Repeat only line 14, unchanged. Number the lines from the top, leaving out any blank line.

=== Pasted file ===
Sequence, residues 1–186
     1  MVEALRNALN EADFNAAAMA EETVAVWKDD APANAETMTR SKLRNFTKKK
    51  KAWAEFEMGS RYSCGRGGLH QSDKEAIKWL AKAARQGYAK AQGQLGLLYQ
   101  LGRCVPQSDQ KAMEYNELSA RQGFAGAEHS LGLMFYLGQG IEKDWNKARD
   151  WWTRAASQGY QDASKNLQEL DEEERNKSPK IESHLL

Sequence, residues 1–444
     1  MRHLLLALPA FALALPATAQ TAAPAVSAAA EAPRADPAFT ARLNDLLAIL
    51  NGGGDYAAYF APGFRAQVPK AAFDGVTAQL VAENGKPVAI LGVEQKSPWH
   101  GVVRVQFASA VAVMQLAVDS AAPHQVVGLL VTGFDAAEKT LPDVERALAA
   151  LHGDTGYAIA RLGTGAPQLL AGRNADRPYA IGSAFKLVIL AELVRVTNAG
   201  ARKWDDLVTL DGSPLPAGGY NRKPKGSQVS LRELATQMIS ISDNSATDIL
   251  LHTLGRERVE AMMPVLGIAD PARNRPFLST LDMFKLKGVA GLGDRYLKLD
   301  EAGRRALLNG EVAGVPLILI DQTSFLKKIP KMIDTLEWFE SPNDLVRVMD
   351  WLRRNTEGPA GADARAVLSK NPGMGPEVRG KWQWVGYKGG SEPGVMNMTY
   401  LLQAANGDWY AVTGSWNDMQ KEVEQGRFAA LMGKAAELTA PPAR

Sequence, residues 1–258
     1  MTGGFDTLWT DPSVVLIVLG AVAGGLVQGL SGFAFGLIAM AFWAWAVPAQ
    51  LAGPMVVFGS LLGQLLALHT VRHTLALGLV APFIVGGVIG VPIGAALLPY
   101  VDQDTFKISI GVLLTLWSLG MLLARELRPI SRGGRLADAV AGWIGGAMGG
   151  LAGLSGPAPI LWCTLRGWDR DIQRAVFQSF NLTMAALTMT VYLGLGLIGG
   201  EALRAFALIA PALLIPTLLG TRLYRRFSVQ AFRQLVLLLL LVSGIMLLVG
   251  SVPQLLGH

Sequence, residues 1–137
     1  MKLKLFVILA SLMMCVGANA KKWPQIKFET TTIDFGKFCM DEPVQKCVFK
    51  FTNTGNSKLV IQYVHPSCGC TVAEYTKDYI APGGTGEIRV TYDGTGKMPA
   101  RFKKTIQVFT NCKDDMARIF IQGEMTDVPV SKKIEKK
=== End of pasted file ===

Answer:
   351  WLRRNTEGPA GADARAVLSK NPGMGPEVRG KWQWVGYKGG SEPGVMNMTY